On May 20, 2010, Marquez sustained an impairment from an industrial accident while preparing a building to be painted. Marquez was standing on two five gallon buckets stacked on top of each other to reach an area above a tall doorway when he fell onto a concrete floor fracturing his right wrist and injuring his right arm and shoulder. His right wrist was put into a cast and he eventually underwent multiple right shoulder surgeries performed by Dr. Hassinger. Dr. Hassinger rated Marquez's right shoulder impairment at 5% of the whole person. He recommended permanent restrictions on overhead activities and that Marquez not return to his position at Pierce Painting.

         In July of 2010, Marquez was referred to the Industrial Commission Rehabilitation Division ("ICRD") by SIF. ICRD consultant Ken Halcomb ("Halcomb") was assigned to Marquez's case. ICRD's primary objective was to preserve Marquez's time-of-injury job and to return him to that job following his recovery. This required Halcomb to meet with an agent of Pierce Painting, and then with Marquez. Halcomb interviewed Marquez about his education, past work history, and transferable job skills. Notably, the interview did not include questions about Marquez's immigration status. When it became evident that Marquez would not be able to return to his time-of-injury job, Halcomb assisted Marquez in identifying other potential employment opportunities consistent with his restrictions and within his geographic area. Ultimately Halcomb closed Marquez's file without placing him with another employer. Halcomb never learned that Marquez was an undocumented immigrant. Marquez was then referred to the Idaho Department of Labor for additional placement services.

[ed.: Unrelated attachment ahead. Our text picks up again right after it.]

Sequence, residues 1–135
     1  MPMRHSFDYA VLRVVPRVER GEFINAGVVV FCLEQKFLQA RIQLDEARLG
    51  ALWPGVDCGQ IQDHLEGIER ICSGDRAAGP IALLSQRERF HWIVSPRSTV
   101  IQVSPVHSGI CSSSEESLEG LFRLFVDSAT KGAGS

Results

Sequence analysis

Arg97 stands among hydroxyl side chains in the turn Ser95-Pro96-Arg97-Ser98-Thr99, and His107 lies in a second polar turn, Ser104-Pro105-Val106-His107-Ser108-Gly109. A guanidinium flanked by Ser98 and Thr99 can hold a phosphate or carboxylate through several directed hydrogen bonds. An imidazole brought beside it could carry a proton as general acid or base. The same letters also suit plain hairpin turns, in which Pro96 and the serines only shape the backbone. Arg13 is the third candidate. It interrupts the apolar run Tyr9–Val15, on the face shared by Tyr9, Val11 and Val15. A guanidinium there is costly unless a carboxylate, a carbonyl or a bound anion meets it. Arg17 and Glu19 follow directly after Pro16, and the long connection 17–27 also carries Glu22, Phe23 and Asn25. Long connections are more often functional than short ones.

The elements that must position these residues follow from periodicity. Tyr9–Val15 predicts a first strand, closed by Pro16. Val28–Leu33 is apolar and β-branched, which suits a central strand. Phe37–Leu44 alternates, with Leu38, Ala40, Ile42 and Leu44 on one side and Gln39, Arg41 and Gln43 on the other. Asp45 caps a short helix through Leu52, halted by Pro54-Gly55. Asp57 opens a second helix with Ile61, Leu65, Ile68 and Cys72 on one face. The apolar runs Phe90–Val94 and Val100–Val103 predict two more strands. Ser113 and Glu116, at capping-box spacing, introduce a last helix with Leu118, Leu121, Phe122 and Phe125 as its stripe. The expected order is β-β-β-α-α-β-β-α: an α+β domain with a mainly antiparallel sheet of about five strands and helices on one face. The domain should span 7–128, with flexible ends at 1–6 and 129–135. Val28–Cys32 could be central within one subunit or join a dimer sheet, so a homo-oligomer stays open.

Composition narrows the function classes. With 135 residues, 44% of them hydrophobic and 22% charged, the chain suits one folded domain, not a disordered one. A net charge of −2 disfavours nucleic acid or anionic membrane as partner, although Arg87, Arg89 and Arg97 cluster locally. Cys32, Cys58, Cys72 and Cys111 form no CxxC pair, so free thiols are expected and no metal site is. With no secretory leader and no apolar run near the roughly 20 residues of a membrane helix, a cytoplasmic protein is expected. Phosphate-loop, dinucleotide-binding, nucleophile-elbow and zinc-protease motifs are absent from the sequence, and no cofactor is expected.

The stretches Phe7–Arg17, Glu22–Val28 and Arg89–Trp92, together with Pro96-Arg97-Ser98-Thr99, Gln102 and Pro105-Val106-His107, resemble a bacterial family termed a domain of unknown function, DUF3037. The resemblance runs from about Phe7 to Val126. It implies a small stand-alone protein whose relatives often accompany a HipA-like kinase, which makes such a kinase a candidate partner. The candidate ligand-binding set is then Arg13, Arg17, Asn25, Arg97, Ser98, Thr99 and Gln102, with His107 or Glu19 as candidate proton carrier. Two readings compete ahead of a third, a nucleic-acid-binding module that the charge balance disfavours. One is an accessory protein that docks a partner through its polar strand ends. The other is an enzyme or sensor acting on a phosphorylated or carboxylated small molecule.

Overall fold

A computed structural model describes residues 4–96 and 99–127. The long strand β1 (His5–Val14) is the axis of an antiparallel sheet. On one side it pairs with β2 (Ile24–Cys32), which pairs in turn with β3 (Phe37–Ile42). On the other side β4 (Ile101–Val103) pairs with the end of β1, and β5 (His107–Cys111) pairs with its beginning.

Marquez received substantial benefits under the Workers' Compensation Act for his injuries. SIF paid $87, 526.64 for medical bills, $30, 985.87 for total temporary disability benefits, and $8, 487.60 for permanent partial impairment benefits. Marquez then sought permanent disability benefits in excess of his impairment because his post-accident medical restrictions excluded him from a significant portion of the undocumented immigrant labor market in Idaho. SIF refused to pay Marquez any permanent disability benefits because of his status as an undocumented immigrant.

         On April 14, 2015, Marquez filed a workers' compensation complaint against Pierce Painting and SIF ("the appellants") seeking permanent disability benefits in excess of his impairment. On May 1, 2015, Marquez filed an amended workers' compensation complaint. The appellants filed answers to both Marquez's original and amended complaints denying that Marquez was entitled to any permanent disability benefits. On July 28, 2016, the parties stipulated to the following:

1. Marquez is not legally in the United States.
2. Marquez had no legal access to the Idaho or United States labor market.
3. Marquez sustained an industrial injury on May 20, 2010.
4. Marquez injured his right wrist and right shoulder in the industrial ...